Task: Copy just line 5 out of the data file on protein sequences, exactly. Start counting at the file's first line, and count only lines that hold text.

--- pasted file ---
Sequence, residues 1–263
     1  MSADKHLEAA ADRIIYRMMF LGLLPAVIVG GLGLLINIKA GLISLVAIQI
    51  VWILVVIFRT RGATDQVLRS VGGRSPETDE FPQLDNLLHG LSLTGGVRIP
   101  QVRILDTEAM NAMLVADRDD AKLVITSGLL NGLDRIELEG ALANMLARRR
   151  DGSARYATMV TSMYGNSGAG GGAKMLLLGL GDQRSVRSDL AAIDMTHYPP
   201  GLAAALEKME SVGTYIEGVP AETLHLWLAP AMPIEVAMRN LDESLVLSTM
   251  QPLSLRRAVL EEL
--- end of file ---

   151  DGSARYATMV TSMYGNSGAG GGAKMLLLGL GDQRSVRSDL AAIDMTHYPP